Slash Pine (Pinus elliottii)

Slash Pine (Pinus elliottii)

Slash pine has long needles and is native to Florida

Among the pine trees native to Florida is the slash pine. This common Florida pine tree is a fast-growing tree with long needle-like leaves, reddish-brown scaly bark, and long slender pine cones. Slash pine trees grow up to 100 ft. (30 m) tall and have a rounded, spreading crown.

Pinus elliottii needles and cones

Slash pine needles and a cone

Slash pine trees thrive throughout Florida. They are one of the most common pine species growing from the Panhandle all the way to the Florida Keys. The coniferous evergreen usually grows in swampy ground. Therefore, it also goes by the names southern Florida pine, swamp pine, or yellow slash pine.

The slash pine resembles another native pine tree, the longleaf pine. However, the slash pine has shorter, less glossy needles growing in clusters of two rather than three and its red-brown cones are smaller.

Slash pines are suitable for USDA zones 7 to 11.

Native Florida Tree Identification

Slash pine tree is identified by its needles growing 5” to 11” (13 – 28 cm) and reddish-brown pine cones growing up to 6” (15 cm) long.

Sand Pine Tree (Pinus clausa)

Sand Pine (Pinus Clausa)

Sand pines grow in most parts of Florida and are identified by their twisted branches

The sand pine tree grows throughout Florida apart from zone 11 and the hottest regions of zone 10. The evergreen sand pine has an irregular or rounded crown, reddish-brown bark, and slender needle-like leaves growing in one pair per fascicle. Sand pines can grow up to 65 ft. (21 m) tall, but usually grow 16–33 ft. (5–10 m).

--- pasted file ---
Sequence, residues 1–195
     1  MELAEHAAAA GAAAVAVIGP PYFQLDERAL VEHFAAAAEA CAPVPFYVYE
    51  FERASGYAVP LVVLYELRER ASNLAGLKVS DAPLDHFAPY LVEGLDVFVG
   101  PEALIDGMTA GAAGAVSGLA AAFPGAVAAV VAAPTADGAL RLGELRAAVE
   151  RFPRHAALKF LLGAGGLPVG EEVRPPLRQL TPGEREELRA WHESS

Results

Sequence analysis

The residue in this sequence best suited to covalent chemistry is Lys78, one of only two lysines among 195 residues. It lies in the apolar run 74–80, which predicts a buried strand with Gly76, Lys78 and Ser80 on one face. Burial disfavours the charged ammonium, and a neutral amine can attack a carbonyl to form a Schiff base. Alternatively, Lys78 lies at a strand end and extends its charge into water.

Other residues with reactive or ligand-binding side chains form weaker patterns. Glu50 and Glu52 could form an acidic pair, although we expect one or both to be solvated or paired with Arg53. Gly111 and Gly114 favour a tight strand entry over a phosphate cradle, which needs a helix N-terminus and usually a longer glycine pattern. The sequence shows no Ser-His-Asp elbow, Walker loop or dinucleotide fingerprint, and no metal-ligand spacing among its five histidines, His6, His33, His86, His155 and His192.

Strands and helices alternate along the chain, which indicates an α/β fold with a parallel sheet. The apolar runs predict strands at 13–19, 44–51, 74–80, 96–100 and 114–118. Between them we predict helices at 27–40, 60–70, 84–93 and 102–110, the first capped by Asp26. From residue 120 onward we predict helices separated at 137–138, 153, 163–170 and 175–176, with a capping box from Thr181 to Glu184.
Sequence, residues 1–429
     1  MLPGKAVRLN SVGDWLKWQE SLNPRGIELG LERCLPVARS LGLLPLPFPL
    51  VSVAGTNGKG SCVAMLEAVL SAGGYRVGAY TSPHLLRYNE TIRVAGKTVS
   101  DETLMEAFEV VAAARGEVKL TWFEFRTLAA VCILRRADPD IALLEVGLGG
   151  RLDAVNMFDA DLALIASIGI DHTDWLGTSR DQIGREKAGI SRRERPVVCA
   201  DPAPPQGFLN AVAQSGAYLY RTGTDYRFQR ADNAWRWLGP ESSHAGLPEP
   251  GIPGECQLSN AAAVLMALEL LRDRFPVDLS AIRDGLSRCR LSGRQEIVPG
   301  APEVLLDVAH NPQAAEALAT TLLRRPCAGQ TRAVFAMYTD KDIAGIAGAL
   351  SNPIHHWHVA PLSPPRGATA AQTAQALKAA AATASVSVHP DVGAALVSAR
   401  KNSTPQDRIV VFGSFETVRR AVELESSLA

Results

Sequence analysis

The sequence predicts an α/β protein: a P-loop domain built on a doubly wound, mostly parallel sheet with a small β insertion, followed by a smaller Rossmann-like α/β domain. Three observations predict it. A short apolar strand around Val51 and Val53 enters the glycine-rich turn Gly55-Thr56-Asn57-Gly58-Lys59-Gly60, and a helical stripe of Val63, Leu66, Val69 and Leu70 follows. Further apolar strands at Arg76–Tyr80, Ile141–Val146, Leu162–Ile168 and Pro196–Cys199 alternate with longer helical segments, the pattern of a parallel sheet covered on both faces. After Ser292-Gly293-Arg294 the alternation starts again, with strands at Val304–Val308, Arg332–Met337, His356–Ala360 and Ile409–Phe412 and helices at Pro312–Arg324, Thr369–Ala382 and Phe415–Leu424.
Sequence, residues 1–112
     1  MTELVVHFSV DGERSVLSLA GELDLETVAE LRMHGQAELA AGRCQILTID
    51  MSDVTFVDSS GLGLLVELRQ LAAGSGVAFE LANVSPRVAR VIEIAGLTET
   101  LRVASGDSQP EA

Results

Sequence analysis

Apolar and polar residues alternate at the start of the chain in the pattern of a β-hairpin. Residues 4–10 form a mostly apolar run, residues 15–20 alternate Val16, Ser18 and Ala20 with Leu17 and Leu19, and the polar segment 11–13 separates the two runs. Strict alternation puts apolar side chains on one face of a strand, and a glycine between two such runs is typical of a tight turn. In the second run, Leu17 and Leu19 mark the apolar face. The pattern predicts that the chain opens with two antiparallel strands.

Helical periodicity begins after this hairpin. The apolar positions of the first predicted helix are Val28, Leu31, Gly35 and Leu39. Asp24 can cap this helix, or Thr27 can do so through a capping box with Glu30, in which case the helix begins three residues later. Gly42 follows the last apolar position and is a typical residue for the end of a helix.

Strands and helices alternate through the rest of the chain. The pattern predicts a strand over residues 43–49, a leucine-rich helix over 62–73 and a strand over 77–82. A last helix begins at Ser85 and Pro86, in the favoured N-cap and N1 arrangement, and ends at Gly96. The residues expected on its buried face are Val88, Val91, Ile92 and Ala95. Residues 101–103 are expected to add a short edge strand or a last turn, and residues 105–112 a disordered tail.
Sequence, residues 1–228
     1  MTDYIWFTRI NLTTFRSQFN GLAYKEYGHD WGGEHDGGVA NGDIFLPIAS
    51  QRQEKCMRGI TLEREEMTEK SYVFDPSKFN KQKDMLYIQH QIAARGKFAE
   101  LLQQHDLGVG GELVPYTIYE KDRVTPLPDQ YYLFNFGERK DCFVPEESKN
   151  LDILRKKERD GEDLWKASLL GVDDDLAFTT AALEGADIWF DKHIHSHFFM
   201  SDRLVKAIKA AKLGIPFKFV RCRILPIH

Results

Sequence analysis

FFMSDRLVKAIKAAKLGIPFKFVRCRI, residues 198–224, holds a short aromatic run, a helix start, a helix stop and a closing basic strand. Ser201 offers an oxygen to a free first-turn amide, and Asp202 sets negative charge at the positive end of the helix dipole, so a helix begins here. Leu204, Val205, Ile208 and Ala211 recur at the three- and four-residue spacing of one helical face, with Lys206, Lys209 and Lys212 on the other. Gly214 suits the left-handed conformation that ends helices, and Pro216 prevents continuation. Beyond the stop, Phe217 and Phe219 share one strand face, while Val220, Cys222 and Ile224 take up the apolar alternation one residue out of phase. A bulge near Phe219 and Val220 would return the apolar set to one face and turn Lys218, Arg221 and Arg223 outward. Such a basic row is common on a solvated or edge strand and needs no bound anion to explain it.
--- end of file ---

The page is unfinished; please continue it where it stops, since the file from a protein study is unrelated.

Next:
Sand Pine (Pinus Clausa)

Sand pine cone

The pine needles measure 2” to 4” (5 – 10 cm), and the elliptical-shaped cones are 1.2” to 3.1” (3 – 8 cm) long. Sand pine bark is a grayish-brown color near the base, becoming redder nearer the crown. Many species have tall, erect trunks. However, some pines have crooked trunks with twisted branches.

Sand pines are the most common pine tree in north-central Florida from St. Augustine to Ft. Lauderdale and narrow coastal strips south of Tampa and Naples.

Sand pine trees are suitable for USDA growing zones 7 through 10.

Native Florida Tree Identification

Sand pine trees have cylindrical pale brown or reddish-brown cones and needles that grow in pairs.

Longleaf Pine Tree (Pinus palustris)

Longleaf Pine (Pinus palustris)

Longleaf pines have long needles and trunks

The longleaf pine is a tall native Florida tree growing throughout Northern Florida. This native Florida pine tree has  a tall, straight trunk, rounded crown, and short branches. Identifying features of the longleaf pine tree are its needles growing in groups of three measuring 8” to 18” (20 – 45 cm) long and its lance-shaped cones.

Longleaf Pine (Pinus palustris)

Longleaf pine needles and immature cones

The longleaf pine tree grows up to 150 ft. (48 m) tall and is characterized by its slender, straight trunk. You will find this tall, majestic pine tree growing throughout Northern Florida in zones 8 and 9. Its typical habitation is sandhills, dry sandy uplands, and flatwoods.

Pinus palustris cone

A mature cone of longleaf pine

Native Florida Tree Identification

The longleaf pine is identified by its long slender needles and cylindrical reddish-brown cones growing 6” to 10” (15 – 25 cm) long.

Native Florida Cypress Trees

Florida is home to two species of native cypress trees — the pond cypress and the bald cypress. These deciduous conifers are suited to Florida’s landscape because they thrive in swampy conditions but also tolerate some drought.